Subject(s)
Esophageal Neoplasms , Stomach Neoplasms , Humans , Stomach Neoplasms/surgery , Stomach Neoplasms/pathology , Esophageal Neoplasms/surgery , Esophageal Neoplasms/pathology , Endoscopic Mucosal Resection/methods , Neoplasm Staging
15.
Surg Oncol Clin N Am ; 33(3): 539-547, 2024 Jul.
Article in English | MEDLINE | ID: mdl-38789196

ABSTRACT

Gastric adenocarcinoma is an aggressive disease and a leading cause of cancer-related deaths worldwide. Surgery entails either a total or a subtotal gastrectomy. These complex operations carry elevated morbidity and mortality with an extended recovery time. As such, research has focused on minimizing these risks and enhancing postoperative care. Robotic surgery is a newer platform that helps overcome some of the limitations of laparoscopy through three-dimensional vision, better mobility, and improved surgeon dexterity. As such, many surgeons have embraced robotics and advocated for their implementation in cancer surgery. This review will discuss the technical considerations of performing a robotic gastrectomy.


Subject(s)
Gastrectomy , Minimally Invasive Surgical Procedures , Robotic Surgical Procedures , Stomach Neoplasms , Humans , Gastrectomy/methods , Stomach Neoplasms/surgery , Robotic Surgical Procedures/methods , Minimally Invasive Surgical Procedures/methods , Laparoscopy/methods , Adenocarcinoma/surgery , Adenocarcinoma/pathology
16.
BMC Anesthesiol ; 24(1): 185, 2024 May 24.
Article in English | MEDLINE | ID: mdl-38789968

ABSTRACT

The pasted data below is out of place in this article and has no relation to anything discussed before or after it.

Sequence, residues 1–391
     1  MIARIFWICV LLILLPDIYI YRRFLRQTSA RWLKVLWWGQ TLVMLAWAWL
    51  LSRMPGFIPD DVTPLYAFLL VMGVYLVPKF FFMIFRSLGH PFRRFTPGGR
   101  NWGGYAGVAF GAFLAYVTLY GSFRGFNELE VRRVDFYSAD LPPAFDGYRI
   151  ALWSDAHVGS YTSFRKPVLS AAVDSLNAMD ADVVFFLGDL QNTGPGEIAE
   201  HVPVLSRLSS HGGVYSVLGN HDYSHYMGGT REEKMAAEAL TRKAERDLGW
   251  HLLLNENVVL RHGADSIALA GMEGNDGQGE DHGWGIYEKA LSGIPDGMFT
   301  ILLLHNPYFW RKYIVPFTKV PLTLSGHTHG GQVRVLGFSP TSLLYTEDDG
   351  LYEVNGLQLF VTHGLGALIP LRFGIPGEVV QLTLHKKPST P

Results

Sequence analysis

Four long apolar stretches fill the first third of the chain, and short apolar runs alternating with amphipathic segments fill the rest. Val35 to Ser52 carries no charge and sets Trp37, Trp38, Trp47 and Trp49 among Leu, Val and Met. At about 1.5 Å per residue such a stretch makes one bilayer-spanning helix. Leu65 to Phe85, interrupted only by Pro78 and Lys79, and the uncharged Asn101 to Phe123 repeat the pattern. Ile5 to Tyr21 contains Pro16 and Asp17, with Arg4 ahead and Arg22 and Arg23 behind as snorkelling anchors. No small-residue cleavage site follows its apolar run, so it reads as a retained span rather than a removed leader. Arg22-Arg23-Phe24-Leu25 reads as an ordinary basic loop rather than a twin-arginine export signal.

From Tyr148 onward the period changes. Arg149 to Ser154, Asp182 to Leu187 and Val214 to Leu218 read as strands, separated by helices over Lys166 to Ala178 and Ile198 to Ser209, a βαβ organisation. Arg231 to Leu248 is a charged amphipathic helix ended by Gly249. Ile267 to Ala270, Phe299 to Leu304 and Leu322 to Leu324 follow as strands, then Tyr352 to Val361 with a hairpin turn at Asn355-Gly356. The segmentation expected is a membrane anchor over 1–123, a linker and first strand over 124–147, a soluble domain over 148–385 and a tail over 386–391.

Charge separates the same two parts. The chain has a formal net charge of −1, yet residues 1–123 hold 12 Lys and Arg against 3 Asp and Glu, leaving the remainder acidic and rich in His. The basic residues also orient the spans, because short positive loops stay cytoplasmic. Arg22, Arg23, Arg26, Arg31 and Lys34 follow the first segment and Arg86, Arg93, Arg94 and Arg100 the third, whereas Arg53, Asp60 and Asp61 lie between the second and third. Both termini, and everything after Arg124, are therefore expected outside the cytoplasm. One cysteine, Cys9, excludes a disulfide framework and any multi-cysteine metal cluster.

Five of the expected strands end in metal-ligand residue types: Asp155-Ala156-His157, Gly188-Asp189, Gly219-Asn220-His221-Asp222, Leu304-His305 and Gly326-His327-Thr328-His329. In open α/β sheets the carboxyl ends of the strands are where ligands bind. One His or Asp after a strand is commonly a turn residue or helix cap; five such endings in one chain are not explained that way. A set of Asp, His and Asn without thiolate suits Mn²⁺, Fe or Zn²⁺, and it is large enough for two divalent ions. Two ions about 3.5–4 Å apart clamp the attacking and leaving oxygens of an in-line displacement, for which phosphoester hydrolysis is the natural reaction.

BACKGROUND: Despite the implementation of various postoperative management strategies, the prevalence of postoperative fatigue syndrome (POFS) remains considerable among individuals undergoing laparoscopic radical gastrectomy. While the N-methyl-D-aspartic acid receptor antagonist esketamine has demonstrated efficacy in enhancing sleep quality and alleviating postoperative pain, its impact on POFS remains uncertain. Consequently, the objective of this study is to ascertain whether perioperative administration of esketamine can effectively mitigate the occurrence of POFS in patients undergoing laparoscopic radical gastrectomy. METHODS: A total of 133 patients diagnosed with gastric cancer were randomly assigned to two groups, namely the control group (Group C) (n = 66) and the esketamine group (Group E) (n = 67), using a double-blind method. The Group C received standardized anesthesia, while the Group E received esketamine in addition to the standardized anesthesia. The primary outcome measure assessed was the Christensen fatigue score at 3 days after the surgical procedure, while the secondary outcomes included the disparities in postoperative fatigue, postoperative pain, sleep quality, and adverse reactions between the two groups. RESULTS: In the group receiving esketamine, the fatigue scores of Christensen on the third day after surgery were significantly lower compared to the Group C (estimated difference, -0.70; 95% CI, -1.37 to -0.03; P = 0.040). Additionally, there was a significant decrease in the occurrence of fatigue in the Group E compared to the Group C on the first and third days following surgery (P < 0.05). Also, compared to individuals who had distal gastrectomy, those who had entire gastrectomy demonstrated a higher degree of postoperative tiredness reduction with esketamine. Furthermore, the Group E exhibited reduced postoperative pain and improved sleep in comparison to the Group C. Both groups experienced similar rates of adverse events. CONCLUSIONS: The use of esketamine during the perioperative period can improve POFS after laparoscopic radical gastrectomy, without adverse reactions. TRIAL REGISTRATION: Registered in the Chinese Clinical Trial Registry (ChiCTR2300072167) on 05/06 /2023.